The BRICS grouping’s grand plans for a development Bank to rival the West’s World Bank-IMF combine has managed to get mired in differences over the size of corpus, which nation will pay how much equity and where the bank will be sited, holding up an announcement on the issue in Durban earlier this week.
|The BRICS Durban Summit|
Top North Block officials said the tussle over stakes and with it control of the new development bank which could rival IMF held up announcement of the start-up at the just concluded Durban summit. Indian Finance Ministry economists together with Reserve Bank experts will now draw up a draft roadmap which could be informally discussed at the interim summit at St Petersburg in Russia this September and later fleshed out as a full scale plan before the next full BRICS Summit at Brazil in 2014.
BRICS, an acronym for Brazil, Russia, India, China and South Africa owes its begining to a report in 2001 prepared by Goldman Sachs which coined the term BRIC. The poltico-economic grouping started in 2006 as a club for the four emerging economies to gather and firm up strategies on trade and ecnomy. With the 2008 economic crisis, the grouping which represents 40 per cent of the global population and 20-25 per cent of the world's GDP assumed importance and in 2010 it turned into BRICS with the inclusion of South Africa.
India had floated the idea of starting the bank with an initial capital of $ 50 billion, with each BRICS nation chipping in with $ 10 billion, sometime last year. However, China’s whose economy easily drawfs the rest of the BRICS nation, wanted the corpus jacked up to $ 100 billion, promising to make up for any shortfalls in contribution by members. Other BRICS nations, who are hard pressed on finances, wanted the plan pared down to $ 10m billion with contributions of $ 2 billion each.
Russia and India played shy of the bank proposal after it became clear that Brazil and South Africa would not be willing to pay up much of their share of the corpus, and China by default might get the largest equity share in a bank floated at the current juncture.
Indian officials also wanted a window for participation by non-BRICS nations which were keen to join the bank such as developing world nations like Egypt and Indonesia as well as developed world participants like Japan and the US. Though none of the member-countries said `No’ to the proposal, China’s offer to underwrite any unsubscribed capital, seems to have sidestepped that part of the deal.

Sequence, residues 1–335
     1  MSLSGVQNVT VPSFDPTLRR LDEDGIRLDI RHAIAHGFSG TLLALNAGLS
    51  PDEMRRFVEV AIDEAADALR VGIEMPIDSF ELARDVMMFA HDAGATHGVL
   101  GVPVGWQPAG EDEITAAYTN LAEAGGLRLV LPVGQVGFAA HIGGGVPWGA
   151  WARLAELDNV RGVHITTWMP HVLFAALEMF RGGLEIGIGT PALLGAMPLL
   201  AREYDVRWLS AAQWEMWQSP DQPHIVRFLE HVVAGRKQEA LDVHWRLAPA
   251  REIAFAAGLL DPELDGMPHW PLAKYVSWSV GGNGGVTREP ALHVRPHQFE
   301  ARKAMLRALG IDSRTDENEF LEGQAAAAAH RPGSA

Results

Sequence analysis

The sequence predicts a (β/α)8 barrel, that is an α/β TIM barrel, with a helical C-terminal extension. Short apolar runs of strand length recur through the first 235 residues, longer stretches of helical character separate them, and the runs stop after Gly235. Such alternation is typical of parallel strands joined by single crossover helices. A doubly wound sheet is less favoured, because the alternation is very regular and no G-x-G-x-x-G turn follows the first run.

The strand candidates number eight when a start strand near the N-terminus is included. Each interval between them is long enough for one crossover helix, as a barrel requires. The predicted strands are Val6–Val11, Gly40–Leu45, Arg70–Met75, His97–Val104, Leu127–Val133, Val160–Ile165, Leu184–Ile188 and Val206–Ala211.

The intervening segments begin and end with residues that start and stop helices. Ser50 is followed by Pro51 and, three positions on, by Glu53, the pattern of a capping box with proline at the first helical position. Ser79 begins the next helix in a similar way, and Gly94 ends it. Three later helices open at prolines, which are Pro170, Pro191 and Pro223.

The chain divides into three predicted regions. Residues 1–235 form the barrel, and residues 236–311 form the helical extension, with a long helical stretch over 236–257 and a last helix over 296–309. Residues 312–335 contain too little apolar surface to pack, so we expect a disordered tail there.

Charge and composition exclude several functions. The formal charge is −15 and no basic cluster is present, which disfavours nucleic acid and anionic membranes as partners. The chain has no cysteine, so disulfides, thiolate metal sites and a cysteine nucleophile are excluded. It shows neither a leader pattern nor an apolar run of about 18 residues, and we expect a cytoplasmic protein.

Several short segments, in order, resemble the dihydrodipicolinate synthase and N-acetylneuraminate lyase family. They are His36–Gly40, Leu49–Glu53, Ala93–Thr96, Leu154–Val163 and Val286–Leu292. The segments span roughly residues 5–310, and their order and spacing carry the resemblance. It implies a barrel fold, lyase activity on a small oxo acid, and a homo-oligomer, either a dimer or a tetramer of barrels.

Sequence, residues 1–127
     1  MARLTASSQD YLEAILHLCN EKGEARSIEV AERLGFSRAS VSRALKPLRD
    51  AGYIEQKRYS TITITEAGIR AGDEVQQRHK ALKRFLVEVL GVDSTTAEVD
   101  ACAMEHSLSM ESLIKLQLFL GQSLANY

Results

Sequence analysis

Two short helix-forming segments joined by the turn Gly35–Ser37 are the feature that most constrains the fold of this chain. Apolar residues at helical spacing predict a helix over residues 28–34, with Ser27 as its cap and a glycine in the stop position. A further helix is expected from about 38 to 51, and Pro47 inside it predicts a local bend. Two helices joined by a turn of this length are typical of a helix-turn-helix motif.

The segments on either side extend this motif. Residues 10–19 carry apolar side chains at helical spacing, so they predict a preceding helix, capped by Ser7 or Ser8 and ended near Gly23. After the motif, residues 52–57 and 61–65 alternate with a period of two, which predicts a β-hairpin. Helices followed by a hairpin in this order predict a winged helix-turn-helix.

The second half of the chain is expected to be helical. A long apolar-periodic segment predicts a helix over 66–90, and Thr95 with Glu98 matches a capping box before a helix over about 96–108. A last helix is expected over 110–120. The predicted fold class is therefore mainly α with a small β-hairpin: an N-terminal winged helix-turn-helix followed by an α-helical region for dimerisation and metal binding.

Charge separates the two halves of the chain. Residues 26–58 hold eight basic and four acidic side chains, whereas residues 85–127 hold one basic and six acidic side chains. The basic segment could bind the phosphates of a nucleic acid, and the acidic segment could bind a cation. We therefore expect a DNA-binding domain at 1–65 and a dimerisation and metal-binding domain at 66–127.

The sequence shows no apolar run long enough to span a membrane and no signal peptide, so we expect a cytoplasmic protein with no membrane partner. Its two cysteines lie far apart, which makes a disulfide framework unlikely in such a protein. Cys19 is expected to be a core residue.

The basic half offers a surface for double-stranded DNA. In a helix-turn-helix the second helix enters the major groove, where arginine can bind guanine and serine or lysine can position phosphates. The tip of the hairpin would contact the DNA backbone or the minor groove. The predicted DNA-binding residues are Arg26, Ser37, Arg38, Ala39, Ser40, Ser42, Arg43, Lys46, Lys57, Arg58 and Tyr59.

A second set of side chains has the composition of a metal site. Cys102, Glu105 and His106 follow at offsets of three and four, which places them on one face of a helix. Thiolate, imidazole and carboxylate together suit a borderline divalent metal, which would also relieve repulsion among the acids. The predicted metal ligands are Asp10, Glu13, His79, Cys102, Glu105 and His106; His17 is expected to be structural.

|Global economy share|
The problem with accepting China’s generous offer was that the BRICS bank would in effect have become a `Chinese Bank’ with China holding a dominant stake. China has already emerged as one of the biggest `donors’ in the developing world, where it has been accused of leveraging its massive $ 3.5 trillion foreign exchange reserves to dole out cheap loans for infrastructure projects in return for generous mineral or oil and gas concessions.
Officials said the `battle’ over the bank also extended on where to site it. China wants it in Beijing, where some fear it could manipulate staffing to suit itself, whereas South Africa wants it to be in Johannesburg, as Africa has the most underdeveloped nations which would be potential recipients of the bank’s lending. India is not against the bank being headquartered in Africa but would like ground rules cleared about staffing.
The World Bank-IMF combine have in the past been accused of being dominated by economic theories thrown up by Western nations’ and staff drawn from or trained in the West, besides being controlled at the board level by Western countries which put in most of the money required for the banks’ start-up. India, South Africa, Brazil and Russia consequently are cautious about how the new BRICS bank is set up and run.